The Arduous Journey To A Faster Website

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Every now and then I'll run a page audit on one of my websites and then immediately become depressed when I see the results. It's hard to keep up with the speed needs of the people online nowadays. And it's even harder to keep up with Google's standards for good speed. People like videos and images and higher quality, and all of these things tend to affect the speed of your sites. And what may be fast today, might be crawling in 6 months. So needless today, speed is a tough nut to crack.

People like videos and images and higher quality

For many reasons. Sometimes we add heavy content to our webpages, and sometimes we update the code and usually ignore the performance part. I, for example, had a good rating last year, but now, not so much. I've added new scripts and I've moved things around a bit, without thinking about performance. And my website isn't slow, by no means. If you see down below, it usually averages around the 500ms to the 600ms range, and to me that's a-ok.

To Google however, not so much. Because it isn't just the actual speed that matters, but how that speed translates over to different viewing mediums and such.

The Long Arduous Journey Of A Faster Website

While this blog loads relatively fast, Google still found some areas that it is lacking in. For example, render-blocking JavaScript and CSS. The above the fold content on my page can not render without several scripts and the stylesheets being loaded in first. And while most sites on the internet today, probably do the same, or worse even, there is still a way to avoid this unnecessary load time.

The Long Arduous Journey Of A Faster Website

Following Google's guidelines, I minified all of my stylesheet content, and inlined it directly on the effected pages. This reduces the number of resources required to download in order to generate the site. And this blog is very simple, purposely, so the amount of content is equally very minimal, so it doesn't bog the page down too much.

Why Is Speed Important

Because the obvious reason that faster is just more awesome sometimes, there are a few more technical reasons why improving your website speed, even by milliseconds can have farreaching results. Why is cutting milliseconds off of your page load time so important? Because Google has performed extensive experiments on it, of which you can read right here, which show that just decreasing the page load time by a mere 400ms, visitors to sites tend to spend overall less time searching, and more important, they continue that trend for some time. And even after restoring the page speed back to its normal self, people still tend to take some time before they continue with their old browsing habits.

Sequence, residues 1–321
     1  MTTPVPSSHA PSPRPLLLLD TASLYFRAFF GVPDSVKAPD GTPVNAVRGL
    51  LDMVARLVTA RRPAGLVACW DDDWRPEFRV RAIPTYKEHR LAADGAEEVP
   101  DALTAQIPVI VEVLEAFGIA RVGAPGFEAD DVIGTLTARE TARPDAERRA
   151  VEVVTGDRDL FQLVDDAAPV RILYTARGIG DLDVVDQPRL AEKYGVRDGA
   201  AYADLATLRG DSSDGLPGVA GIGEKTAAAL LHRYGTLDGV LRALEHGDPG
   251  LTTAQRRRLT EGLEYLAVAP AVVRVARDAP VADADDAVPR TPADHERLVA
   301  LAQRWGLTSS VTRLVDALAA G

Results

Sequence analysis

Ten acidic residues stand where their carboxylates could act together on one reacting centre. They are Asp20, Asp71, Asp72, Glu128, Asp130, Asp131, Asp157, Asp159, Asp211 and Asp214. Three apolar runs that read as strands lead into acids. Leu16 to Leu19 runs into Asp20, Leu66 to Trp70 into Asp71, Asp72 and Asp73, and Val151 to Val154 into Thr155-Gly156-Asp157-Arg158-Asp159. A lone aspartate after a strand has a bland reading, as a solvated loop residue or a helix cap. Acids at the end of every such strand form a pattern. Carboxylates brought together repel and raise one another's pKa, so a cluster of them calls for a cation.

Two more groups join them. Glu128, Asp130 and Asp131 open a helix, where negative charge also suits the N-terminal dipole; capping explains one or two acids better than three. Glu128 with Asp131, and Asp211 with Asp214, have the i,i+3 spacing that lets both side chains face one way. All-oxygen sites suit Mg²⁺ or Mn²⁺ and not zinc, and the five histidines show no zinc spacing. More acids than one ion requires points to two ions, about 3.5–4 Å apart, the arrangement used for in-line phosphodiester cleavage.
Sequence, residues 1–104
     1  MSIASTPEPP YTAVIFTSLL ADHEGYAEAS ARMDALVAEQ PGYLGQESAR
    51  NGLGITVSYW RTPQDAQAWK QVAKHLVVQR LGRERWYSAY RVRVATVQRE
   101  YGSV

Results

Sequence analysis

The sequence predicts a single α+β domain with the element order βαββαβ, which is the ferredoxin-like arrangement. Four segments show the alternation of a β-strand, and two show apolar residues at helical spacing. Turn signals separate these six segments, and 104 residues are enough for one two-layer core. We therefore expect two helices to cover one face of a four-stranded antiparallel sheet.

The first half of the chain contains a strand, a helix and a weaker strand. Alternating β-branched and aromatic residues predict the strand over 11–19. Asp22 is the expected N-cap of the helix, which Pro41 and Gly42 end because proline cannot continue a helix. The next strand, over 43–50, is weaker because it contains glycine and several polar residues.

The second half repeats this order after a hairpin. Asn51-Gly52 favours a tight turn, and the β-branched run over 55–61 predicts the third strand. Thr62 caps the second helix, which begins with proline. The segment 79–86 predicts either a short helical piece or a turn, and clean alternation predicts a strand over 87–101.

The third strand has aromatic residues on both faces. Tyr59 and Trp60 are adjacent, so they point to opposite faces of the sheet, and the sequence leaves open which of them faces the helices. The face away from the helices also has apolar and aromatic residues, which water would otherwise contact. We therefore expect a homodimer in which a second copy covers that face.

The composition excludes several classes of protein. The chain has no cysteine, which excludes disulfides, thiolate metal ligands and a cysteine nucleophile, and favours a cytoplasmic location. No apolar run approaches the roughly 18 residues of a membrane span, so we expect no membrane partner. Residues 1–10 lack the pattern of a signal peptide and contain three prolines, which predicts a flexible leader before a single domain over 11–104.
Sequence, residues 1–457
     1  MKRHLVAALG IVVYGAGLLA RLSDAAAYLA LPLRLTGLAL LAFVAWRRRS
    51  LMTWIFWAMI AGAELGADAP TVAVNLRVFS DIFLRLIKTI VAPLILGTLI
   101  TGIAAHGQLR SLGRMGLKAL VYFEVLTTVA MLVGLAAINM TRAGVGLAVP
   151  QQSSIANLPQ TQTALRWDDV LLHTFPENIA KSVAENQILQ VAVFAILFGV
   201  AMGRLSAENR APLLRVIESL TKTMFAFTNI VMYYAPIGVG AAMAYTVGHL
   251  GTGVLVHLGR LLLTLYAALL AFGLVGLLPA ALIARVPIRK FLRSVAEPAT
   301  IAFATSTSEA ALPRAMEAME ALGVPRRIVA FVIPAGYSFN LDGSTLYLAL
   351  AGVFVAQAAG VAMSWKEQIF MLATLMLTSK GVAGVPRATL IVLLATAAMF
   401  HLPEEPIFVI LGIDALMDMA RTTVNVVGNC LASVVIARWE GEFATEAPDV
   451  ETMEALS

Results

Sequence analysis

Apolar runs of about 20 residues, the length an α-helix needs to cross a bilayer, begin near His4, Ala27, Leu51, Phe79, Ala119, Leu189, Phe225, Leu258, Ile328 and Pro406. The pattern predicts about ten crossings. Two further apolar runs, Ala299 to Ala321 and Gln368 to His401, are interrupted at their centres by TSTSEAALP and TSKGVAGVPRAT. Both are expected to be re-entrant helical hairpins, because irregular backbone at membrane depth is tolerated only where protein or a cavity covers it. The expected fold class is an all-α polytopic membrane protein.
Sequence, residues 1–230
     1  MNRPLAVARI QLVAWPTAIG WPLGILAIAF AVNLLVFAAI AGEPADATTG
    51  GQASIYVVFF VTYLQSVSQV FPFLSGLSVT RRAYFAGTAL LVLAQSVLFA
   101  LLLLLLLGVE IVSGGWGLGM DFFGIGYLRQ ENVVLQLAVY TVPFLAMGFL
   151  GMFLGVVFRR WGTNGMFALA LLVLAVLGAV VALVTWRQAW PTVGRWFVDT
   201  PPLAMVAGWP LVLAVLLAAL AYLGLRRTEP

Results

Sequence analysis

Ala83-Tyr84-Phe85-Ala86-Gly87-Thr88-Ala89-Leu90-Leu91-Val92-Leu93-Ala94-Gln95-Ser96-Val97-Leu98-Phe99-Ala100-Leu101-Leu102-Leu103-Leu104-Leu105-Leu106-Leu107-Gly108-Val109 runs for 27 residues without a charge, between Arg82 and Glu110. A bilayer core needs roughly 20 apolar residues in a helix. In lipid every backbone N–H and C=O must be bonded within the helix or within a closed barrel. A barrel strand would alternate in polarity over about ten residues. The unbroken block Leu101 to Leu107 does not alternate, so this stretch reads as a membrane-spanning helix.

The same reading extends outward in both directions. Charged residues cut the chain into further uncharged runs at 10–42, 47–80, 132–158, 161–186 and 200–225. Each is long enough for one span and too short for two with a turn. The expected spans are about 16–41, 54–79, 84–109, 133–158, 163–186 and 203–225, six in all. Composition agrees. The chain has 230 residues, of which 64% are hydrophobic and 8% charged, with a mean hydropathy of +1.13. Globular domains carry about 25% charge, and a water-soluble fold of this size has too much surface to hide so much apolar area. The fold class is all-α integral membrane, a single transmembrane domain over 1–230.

Good Enough

Sometimes we have to come to accept the facts however, due to time constraints and the fact that we don't want to rebuild our entire website. After implementing the suggested tweaks on PageSpeed, I'm comfortable now where my website stands. At least where it stands for now. There's still a render-blocking script (bootstrap), and my images aren't exactly the most compressed and space saving files, but they're good enough. The difference to my actual site speed didn't really change much. It's still roughly somewhere in the 400-600ms range, and that's good too. At least I didn't make things worse.

According to Google, less than 1% of all queries have any effect on the site speed part of their algorithm. But regardless, that's still a percent.

The Long Arduous Journey Of A Faster Website

Don't Be This Guy

So care a little, but don't over do it. But more importantly, don't under do it. This website down below actually exists, but I'll leave the domain unknown for now, for privacy sake, as maybe, this is probably embarrassing. This website ranks a whopping 0 on Google's PageSpeed scale. Why? Because it requires about 50mb of images to load just for the home page. Are they nice images? Sure, probably. Is my vision good enough to differentiate between the 10mb version and the 100kb version? Probably not.

The Long Arduous Journey Of A Faster Website

More importantly, this number does have a correlation with real world users visiting your site. The fact that this website ranks a 0, means that it's slow according to Google. And if you try to load the 50mb homepage on a mobile network, then this website is essentially rendered unviewable.

Closing Arguments

Page speed is also totally dependent on the type of website that you have. If you have a website that's catered to photographers, then you're going to have large image files, that's just a given. If you do anything with videos, the same applies. Just using jQuery and Bootstrap on your site can raise a few flags and that's okay. But if you overdo it and your webpage with 2 paragraphs is taking 5 minutes to load, then perhaps it's time to revisit this whole speed optimization thing.

Walter Guevara is a software engineer, startup founder and currently teaches programming for a coding bootcamp. He is currently building things that don't yet exist.


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